When I chaired the Constitution Committee of the Lords, we undertook a major inquiry into the legislative process. We looked at the legislative process holistically, examining not only the process when a Bill is before Parliament but also pre-legislative and post-legislative scrutiny.
There have been welcome advances in recent years, both in terms of pre-legislative scrutiny (though this still needs to be pervasive) and in the employment of public bill committees for taking evidence when a Bill is before the House of Commons. It is after enactment of a measure that there remains a major, gaping lacuna.
For both Parliament and ministers, the end of the legislative process is effectively Royal Assent. New ministers want to make a mark and get a big Bill enacted. Success is measured in terms of getting a Bill passed, not in terms of its effect. Parliament rarely examines whether Acts of Parliament actually fulfil their intended purpose. We hear about Acts that prove disastrous, but not about those that have no effect or a different (but not disastrous) effect to that intended.
To address the problem, we recommended the greater use of post-legislative scrutiny. We wanted Bills to be accompanied by published criteria by which one could judge whether, after enactment, they had fulfilled their purpose. These could then be used as the basis for post-legislative scrutiny. We recommended Departments engage in such scrutiny and produce reports which were then transmitted to Parliament. Parliament could then decide whether to undertake an inquiry or not into the effectiveness of the measure.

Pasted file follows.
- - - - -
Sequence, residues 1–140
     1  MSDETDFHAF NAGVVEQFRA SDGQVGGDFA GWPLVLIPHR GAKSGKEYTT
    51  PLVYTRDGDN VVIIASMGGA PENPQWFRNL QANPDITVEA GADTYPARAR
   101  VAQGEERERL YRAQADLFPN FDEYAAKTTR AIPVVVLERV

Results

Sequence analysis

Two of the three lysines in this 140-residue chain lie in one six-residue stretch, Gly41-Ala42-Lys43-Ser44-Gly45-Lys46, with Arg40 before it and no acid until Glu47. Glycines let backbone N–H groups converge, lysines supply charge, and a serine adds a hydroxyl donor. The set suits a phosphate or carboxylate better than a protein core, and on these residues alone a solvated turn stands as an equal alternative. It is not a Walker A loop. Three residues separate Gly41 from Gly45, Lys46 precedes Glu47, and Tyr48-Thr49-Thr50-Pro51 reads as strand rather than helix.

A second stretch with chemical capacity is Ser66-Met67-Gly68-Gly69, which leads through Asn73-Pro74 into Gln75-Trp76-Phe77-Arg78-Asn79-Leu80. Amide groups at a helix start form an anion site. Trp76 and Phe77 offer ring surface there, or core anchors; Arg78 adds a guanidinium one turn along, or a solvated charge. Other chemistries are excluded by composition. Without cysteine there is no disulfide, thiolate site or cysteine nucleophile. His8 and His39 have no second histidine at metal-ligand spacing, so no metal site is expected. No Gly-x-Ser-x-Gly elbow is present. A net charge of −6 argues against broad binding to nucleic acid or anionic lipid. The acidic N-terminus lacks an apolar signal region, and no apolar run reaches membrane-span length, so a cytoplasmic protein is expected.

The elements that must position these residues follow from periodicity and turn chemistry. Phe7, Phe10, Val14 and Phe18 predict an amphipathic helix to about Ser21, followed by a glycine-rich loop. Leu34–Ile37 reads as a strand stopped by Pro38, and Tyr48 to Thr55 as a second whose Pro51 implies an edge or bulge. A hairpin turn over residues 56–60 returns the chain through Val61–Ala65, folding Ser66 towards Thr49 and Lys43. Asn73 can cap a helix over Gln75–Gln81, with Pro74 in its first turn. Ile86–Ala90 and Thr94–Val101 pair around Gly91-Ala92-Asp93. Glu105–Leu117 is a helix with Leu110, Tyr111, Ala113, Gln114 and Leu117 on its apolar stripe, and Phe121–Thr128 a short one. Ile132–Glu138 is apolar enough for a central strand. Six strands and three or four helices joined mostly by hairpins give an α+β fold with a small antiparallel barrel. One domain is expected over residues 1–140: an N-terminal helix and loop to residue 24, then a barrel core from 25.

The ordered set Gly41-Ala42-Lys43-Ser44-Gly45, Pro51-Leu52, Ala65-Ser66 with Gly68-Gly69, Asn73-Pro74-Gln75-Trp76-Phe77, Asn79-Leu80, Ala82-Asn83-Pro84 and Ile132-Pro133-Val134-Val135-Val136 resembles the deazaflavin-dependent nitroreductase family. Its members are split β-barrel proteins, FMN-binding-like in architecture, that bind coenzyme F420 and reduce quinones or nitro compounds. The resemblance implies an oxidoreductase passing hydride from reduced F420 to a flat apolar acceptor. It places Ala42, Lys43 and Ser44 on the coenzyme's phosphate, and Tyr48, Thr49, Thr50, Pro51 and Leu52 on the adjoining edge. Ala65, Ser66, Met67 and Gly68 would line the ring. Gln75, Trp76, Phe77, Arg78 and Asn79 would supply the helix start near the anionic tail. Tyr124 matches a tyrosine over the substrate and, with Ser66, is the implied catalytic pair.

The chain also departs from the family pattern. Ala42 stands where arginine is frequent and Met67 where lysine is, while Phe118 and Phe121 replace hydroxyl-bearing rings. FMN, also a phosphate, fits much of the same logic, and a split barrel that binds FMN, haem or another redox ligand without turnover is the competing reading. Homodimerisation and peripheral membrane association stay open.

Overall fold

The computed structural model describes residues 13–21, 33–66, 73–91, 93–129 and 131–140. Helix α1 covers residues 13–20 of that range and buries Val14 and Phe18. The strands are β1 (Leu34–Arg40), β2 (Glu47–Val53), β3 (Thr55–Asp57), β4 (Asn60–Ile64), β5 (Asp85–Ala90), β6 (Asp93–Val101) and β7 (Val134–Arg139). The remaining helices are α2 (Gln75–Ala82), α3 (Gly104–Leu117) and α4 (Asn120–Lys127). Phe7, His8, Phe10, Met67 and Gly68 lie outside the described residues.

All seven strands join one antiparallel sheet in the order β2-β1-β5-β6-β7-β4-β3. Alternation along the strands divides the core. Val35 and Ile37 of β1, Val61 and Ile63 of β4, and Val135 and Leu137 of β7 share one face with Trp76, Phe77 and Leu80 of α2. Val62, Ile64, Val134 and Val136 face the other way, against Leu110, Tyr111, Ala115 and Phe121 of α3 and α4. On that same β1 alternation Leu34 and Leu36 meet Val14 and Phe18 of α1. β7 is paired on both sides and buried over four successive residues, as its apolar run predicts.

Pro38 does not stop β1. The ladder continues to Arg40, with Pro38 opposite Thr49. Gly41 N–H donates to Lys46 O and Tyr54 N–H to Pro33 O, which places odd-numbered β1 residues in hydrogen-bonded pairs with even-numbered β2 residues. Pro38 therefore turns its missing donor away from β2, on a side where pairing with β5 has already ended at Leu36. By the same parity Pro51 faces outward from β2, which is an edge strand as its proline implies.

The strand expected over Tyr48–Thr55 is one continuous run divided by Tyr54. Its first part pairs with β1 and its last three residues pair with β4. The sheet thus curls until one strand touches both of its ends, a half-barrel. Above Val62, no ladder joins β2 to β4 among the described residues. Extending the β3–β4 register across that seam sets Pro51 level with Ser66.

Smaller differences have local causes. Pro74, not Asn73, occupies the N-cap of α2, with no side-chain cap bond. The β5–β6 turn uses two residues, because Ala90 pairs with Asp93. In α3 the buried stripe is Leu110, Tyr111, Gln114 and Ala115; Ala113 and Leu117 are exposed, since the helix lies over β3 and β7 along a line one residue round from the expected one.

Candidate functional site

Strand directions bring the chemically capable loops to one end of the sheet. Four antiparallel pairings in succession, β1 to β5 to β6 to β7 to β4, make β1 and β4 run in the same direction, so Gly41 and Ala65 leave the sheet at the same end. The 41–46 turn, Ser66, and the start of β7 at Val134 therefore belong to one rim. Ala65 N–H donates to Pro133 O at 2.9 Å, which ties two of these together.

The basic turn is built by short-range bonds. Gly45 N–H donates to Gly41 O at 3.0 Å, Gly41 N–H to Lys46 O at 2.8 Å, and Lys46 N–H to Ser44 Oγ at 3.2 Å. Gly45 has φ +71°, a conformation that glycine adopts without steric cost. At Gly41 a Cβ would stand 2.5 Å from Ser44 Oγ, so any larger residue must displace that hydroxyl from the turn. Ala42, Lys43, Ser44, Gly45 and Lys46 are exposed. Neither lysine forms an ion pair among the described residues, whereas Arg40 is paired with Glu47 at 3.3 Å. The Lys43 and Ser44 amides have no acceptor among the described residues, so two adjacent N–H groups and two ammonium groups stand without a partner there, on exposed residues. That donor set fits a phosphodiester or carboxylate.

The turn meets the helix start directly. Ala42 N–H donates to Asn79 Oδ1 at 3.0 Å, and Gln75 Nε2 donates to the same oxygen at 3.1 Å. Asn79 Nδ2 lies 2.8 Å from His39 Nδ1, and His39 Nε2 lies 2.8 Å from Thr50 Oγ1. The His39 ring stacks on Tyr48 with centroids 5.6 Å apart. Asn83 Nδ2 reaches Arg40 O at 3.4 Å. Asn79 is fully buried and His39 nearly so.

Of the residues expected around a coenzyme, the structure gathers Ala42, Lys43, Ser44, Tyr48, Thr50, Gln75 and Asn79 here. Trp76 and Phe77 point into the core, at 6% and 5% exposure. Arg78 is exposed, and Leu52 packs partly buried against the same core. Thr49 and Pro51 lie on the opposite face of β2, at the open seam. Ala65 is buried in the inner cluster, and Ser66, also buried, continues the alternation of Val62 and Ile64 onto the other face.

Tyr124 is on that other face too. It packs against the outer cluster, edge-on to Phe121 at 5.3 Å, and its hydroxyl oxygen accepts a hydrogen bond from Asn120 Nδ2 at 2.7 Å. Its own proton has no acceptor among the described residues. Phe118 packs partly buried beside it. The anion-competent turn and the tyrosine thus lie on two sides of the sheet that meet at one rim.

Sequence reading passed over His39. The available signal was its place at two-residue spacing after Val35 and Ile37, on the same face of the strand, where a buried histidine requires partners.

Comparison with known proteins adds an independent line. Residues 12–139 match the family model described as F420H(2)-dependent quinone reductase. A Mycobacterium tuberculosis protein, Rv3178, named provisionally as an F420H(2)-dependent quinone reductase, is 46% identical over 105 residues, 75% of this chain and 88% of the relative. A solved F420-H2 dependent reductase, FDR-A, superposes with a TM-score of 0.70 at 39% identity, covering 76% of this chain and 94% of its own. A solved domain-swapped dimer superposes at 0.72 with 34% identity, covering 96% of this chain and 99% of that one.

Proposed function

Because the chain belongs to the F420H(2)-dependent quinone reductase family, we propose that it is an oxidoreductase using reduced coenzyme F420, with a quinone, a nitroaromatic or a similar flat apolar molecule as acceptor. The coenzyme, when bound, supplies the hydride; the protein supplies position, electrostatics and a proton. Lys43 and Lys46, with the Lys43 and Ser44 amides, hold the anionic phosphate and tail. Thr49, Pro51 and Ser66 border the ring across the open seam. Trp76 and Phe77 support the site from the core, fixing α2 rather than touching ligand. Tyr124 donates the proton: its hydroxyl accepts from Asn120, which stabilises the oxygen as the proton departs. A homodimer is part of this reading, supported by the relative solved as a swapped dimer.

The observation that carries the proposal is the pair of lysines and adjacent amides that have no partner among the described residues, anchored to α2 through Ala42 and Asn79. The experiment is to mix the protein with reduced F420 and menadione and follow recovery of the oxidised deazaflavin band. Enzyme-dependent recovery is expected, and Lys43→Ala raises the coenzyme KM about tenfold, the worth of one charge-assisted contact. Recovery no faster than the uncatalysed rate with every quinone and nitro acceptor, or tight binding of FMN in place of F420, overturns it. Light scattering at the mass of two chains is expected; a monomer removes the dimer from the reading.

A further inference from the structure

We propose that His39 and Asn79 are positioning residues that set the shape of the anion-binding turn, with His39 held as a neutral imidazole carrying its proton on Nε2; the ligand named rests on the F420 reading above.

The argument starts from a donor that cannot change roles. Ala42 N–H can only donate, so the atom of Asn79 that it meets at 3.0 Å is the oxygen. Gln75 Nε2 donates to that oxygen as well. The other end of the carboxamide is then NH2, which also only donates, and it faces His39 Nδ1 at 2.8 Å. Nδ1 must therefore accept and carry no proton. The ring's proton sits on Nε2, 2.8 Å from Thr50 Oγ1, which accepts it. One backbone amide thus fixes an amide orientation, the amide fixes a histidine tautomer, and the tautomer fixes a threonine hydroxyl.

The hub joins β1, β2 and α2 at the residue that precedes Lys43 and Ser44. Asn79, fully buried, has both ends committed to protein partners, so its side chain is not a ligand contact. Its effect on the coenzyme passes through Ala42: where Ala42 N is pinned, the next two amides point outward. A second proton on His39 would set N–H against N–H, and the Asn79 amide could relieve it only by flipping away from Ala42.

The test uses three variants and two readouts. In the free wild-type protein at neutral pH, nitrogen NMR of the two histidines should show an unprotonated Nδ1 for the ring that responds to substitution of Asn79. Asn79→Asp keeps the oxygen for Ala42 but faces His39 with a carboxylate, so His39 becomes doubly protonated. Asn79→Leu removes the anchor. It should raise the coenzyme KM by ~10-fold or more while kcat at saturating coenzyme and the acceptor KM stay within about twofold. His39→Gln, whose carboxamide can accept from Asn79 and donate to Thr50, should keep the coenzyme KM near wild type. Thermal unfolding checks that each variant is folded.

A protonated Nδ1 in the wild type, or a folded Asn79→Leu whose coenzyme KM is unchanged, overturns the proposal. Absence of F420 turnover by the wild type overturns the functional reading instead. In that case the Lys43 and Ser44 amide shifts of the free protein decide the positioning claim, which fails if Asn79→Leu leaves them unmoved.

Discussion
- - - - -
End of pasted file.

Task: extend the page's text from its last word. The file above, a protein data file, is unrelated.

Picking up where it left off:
In response to our report, the Government referred the issue of post-legislative scrutiny to the Law Commission. The Commission issued its report in October 2006, recommending reviews by Departments and for departmental select committees to have the option of undertaking inquiries if they wished in the light of those reports; if they did not wish to do so, there should be a Joint Committee of both Houses to consider if an inquiry would be justified.
The Goverment exceeded its agreed time limit for responding to the Commission’s report but eventually did so last month. The response was more positive than I was expecting. It is a case of two cheers. The Government accepts the need for Departments to review the effect of Acts and for departmental select committees to have the opportunity to consider whether to pursue inquiries. However, the Government has not endorsed the recommendation for a Joint Committee. Without that, there is the danger of measures deserving parliamentary scrutiny being ignored. Departmental select committees are extremely busy and will have limited time for post-legislative scrutiny. It is essential, therefore, that there is a committee with the ability to undertake such scrutiny if departmental select committees decline the opportunity.
This may not be the most exciting of issues – I am not expecting demonstrations in Parliament Square (‘What do we want? Post-legislative scrutiny. When do we want it? Now’) – but post-legislative scrutiny has the potential to improve significantly the quality of legislation in this country. It may also have the desirable effect of reducing the volume.
The Constitution Committee’s 2004 report can be read at:
The Law Commission’s report is available at:
The Government’s response to the Law Commission report is at: